Single page CMS query

Discussion in 'NZ Computing' started by KiwiBrian, May 18, 2006.

  1. KiwiBrian

    KiwiBrian Guest

    Can anyone recommend from personal experience a method, or perhaps a PHP
    script, whereby I can allow a viewer to log into one particular page on my
    website and
    upgrade some content listing sporting type activities for the coming month?
    I am reasonably familiar with HTML and CSS, but that is about the limit of
    my skills.
    I have seen many criticisms of scripts etc., hence my desire for a
    recommendation from personal experience.
    Thanks for any replies
    Brian Tozer
    KiwiBrian, May 18, 2006
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  2. KiwiBrian

    Allistar Guest

    Hi Brian,
    Sounds like you need a database (I'd recommend mysql for this) to store
    the data and some PHP code (also recommended) to retrieve the data from the
    database to display to the browser.

    There are a number of ways of handling security (if you need to only allow
    access to certain people). You can use HTTP authentication (where the
    browser pops up a login window) - this is typically done using a .htaccess
    file in the folder you want to restrict access to. Another way is to have a
    page that have a form that asks for login information, which you would
    validate against the database and then store a cookie (PHP makes this easy
    through the use of sessions).

    I can't think of any freely available toolkit that provides what you need,
    but I'd be surprised if there was not one somewhere. Tried a search on

    Allistar, May 18, 2006
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  3. KiwiBrian

    Nik Coughlin Guest

    Hi, you shouldn't multipost, I just read this over in alt.html as well.
    Crosspost my man!

    Anyway, something that simple is pretty easy. I wouldn't bother with a
    database for a one page CMS. Here's the quick, dirty and simple way to do

    You need three files, let's call them "view.php" (the page that the public
    see), "edit.php" (the edit content page that the admin uses), and
    "content.txt" (the actual content that gets edited).

    "view.php" has an include statement at the appropriate place on the page
    that includes "content.txt":

    <?php include( 'content.txt' ); ?>

    "edit.php" should be password protected and have something like this:

    if( $_POST[ 'submitted' ] ) {
    $handle = fopen( 'content.txt', 'w' );
    fwrite( $handle, $_POST[ 'content' ] );
    fclose( $handle );
    <form action="edit.php" method="post">
    <textarea id="content" name="content".><?php include( 'content.txt' );
    <input type="hidden" name="submitted" id="submitted" value="true">
    <input type="submit">

    You'll probably want to convert the carriage returns in the content to <br>
    tags -- you can use nl2br for this.

    "content.txt" should have write permission set.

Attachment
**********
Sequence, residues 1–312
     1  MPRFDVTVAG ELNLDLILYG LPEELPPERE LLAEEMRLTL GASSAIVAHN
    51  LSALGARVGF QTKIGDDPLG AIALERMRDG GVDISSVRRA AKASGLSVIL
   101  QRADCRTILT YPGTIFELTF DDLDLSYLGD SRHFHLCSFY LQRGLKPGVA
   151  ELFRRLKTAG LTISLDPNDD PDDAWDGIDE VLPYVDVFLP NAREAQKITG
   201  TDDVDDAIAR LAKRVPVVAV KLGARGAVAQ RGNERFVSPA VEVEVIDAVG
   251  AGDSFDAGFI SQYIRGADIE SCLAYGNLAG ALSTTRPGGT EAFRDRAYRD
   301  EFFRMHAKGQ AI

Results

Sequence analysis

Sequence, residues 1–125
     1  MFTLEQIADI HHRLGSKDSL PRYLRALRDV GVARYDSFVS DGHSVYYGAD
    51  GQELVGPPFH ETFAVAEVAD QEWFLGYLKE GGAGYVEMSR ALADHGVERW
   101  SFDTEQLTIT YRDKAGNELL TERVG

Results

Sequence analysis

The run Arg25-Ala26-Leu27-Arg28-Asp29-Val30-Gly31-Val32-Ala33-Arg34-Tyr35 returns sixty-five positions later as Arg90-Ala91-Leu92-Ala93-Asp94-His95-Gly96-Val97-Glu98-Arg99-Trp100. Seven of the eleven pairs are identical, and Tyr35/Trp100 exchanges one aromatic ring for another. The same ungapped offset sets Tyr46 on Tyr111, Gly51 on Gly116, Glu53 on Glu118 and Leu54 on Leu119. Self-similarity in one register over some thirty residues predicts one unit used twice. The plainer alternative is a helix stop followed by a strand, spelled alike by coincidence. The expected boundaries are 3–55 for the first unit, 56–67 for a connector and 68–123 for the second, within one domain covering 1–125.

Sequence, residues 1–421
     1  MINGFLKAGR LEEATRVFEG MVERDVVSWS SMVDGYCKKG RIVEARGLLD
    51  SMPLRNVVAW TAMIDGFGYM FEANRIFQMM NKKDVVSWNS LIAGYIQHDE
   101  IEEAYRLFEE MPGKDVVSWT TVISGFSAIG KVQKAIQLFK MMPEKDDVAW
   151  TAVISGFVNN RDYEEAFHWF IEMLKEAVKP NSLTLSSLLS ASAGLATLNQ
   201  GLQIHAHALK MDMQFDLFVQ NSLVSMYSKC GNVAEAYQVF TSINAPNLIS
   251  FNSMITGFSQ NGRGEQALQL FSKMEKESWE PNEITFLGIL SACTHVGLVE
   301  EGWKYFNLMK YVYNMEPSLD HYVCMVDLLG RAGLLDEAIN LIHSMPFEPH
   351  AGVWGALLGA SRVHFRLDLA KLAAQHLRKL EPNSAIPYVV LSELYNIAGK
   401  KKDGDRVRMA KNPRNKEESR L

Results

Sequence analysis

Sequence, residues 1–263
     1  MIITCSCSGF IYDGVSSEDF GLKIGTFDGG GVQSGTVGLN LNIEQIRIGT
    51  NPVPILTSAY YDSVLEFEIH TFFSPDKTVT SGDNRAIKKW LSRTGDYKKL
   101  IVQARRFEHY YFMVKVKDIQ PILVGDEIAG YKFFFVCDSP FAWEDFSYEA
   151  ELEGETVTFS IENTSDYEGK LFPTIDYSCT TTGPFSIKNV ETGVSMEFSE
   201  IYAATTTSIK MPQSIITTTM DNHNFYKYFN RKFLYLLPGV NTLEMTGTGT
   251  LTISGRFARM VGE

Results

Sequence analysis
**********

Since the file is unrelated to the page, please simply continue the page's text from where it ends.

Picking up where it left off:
None of this is tested BTW, off the top of my head so there might be errors.
    Also it's all grossly oversimplified, but it should give you some idea.

    Nik Coughlin, May 19, 2006
  4. KiwiBrian

    -=rjh=- Guest

    Three words - RSS :) Totally different approach to Nik's script.

    You don't say what you are currently using to generate your web page -
    is it static?


    Can you use an online calendar, and incorporate an RSS feed from the
    calendar into your webpage? This works with Protopage and Google
    calendar, there is a (not very good) example at (you can see it has issues with the
    order events are displayed, but I haven't looked into doing that in any

    If you are using a static web page you might want to use RSSInclude or
    similar to get RSS feed. Your person then just has to keep the calendar
    up to date, and everything else happens automatically. The beauty of
    this is that your person doesn't have to remember to visit the website
    to update the details.

    RSSInclude works well with Blogger if you are using that.

    Calendar can be private and located anywhere online, there are lots of
    these available online now, but not all will output an RSS feed. I've
    only tried Google so I know it works, but also possibly of interest are, Yahoo! and probably
    MS Live will have something, too. I don't know if any of these output
    RSS though.

    There will be ways of using a service like suprglu to incorporate pretty
    much anything into an RSS feed, too, once you have published it
    somewhere accessible.


    Or else use a service that will convert an email into an RSS feed which
    you can then pick up - even a simple blogspot blog can be dedicated to
    do just that. Your person just has to send an email to an account
    associated with your blogspot blog.

    Or maybe? is

    Or look at some of these"email+to+rss"

    There will almost certainly be some experts here who will know how to
    best use Outlook to advantage in this situation, I'm sure that uses RSS
    by now.

    All this kind of stuff is much easier if you are using a blog.

    Maybe not a lot of help, but the possibilities are endless, and a
    different approach to scripting.
    -=rjh=-, May 19, 2006
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